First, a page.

It is extremely rare for a court to decline judgment on a mediated settlement agreement. However, under the rare circumstances in which a court finds that (1) a party to the agreement was a victim of family violence, and that circumstance impaired the party’s ability to make decisions; and (2) the agreement is not in the child’s best interest, declination is possible. A mediated settlement agreement must meet all requirements of the Family Code in order to bind the parties. So, while generally, a court has no authority to alter, change, amend, or modify the material terms to which the parties have already agreed there are extremely limited exceptions to the rule.
The limited ability to revoke a mediated settlement agreement is very important to understand. If a party fails to exercise diligence in investigating facts or law or makes an agreement unadvisedly, there will likely be no reprieve from the agreement. Attention to detail and being prepared is the key to success. If you have questions or concerns about the mediated settlement agreement, don’t sign it.
INFORMAL SETTLEMENT AGREEMENTS
There is specific verbiage pertaining to informal settlement agreements in the Texas Family Code, specifically regarding what is accepted to validate or prove invalid these agreements. The parties to a suit for dissolution of a marriage may agree to one or more informal settlement conferences and may agree that the settlement conferences may be conducted with or without the presence of the parties’ attorneys, if any.
A written settlement agreement reached at an informal settlement conference is binding on the parties if the agreement provides, in a prominently displayed statement that is in boldfaced type or in capital letters or underlined, that the agreement is not subject to revocation; is signed by each party to the agreement; and is signed by the party’s attorney, if any, who is present at the time the agreement is signed. If the above terms are met, the court will likely enter judgment on same. As with mediated settlement agreements, there are circumstances where the Court can refuse to enter judgment and set the matter for a final trial. It is important to consult with a family law specialist to determine what your rights are if you seek to revoke an informal settlement agreement.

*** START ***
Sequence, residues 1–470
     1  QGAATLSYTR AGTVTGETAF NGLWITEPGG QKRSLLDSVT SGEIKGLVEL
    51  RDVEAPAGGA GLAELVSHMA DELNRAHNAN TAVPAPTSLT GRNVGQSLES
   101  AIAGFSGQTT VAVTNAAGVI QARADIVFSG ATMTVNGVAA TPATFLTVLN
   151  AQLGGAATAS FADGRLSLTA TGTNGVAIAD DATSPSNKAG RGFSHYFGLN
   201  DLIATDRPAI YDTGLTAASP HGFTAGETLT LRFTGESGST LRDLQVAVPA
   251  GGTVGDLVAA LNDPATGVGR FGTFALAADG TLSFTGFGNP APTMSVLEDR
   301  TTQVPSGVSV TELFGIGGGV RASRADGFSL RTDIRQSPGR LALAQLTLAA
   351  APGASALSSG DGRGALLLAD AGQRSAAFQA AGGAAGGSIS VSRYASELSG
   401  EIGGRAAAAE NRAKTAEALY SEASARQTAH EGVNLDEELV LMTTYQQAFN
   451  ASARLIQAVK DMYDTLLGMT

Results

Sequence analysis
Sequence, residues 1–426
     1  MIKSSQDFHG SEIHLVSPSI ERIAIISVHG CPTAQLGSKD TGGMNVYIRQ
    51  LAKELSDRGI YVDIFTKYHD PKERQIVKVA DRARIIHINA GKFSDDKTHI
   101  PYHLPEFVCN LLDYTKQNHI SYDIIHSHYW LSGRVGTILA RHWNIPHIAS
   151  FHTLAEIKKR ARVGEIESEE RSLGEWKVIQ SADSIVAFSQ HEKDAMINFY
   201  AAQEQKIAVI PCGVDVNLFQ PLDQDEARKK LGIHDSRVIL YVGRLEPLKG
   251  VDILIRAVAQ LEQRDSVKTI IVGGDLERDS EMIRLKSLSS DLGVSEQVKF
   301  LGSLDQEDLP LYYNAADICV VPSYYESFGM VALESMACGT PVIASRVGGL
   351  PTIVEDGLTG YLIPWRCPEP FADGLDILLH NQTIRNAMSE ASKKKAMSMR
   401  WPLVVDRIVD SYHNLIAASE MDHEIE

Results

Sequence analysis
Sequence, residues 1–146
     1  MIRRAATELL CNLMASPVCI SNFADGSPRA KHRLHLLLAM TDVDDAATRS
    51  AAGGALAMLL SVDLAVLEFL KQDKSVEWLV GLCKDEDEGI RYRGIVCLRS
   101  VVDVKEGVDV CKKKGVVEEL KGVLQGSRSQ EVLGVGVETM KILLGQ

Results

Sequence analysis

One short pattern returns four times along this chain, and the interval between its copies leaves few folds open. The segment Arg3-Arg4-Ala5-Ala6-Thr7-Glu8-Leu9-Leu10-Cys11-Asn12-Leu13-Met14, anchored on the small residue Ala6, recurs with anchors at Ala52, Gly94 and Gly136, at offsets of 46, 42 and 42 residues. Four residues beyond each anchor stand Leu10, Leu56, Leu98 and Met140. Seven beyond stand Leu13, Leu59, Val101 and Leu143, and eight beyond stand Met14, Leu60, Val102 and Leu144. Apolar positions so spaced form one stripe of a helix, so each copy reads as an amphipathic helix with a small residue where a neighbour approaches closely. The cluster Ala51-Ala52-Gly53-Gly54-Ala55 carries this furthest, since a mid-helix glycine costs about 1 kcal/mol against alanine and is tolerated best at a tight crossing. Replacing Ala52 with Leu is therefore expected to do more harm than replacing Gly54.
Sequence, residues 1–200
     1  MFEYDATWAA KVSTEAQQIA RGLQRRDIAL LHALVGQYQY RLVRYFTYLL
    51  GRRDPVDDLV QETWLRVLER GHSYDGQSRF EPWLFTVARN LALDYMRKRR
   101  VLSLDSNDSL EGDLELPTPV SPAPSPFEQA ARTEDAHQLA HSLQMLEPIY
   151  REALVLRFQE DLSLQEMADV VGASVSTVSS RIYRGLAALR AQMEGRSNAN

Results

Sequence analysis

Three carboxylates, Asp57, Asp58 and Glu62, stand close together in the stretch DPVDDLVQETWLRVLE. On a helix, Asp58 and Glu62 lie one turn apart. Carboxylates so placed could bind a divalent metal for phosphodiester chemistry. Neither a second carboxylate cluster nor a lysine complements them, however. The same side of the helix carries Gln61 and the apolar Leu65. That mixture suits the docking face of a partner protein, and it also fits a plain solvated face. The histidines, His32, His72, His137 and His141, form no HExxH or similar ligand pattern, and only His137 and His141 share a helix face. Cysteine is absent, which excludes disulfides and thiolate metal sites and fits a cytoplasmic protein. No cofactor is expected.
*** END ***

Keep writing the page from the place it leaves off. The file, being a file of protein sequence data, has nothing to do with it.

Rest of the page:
Mark L. Scroggins has been practicing law in Texas for over 25 years and is board certified in family law by the Texas Board of Legal Specialization. Mr. Scroggins understands the magnitude of ending what was intended to be a lifelong commitment. Scroggins Law Group has an experienced and dedicated staff who is here to shepherd and navigate you through the emotionally and physically draining legal process of divorce. We are here for you every step of the way. Contact us for a one on one consultation to see why Mr. Scroggins has been named a “SUPERLAWYER” every year since 2014. Call today 214-469-3100 or find us online at www.scrogginslawgroup.com.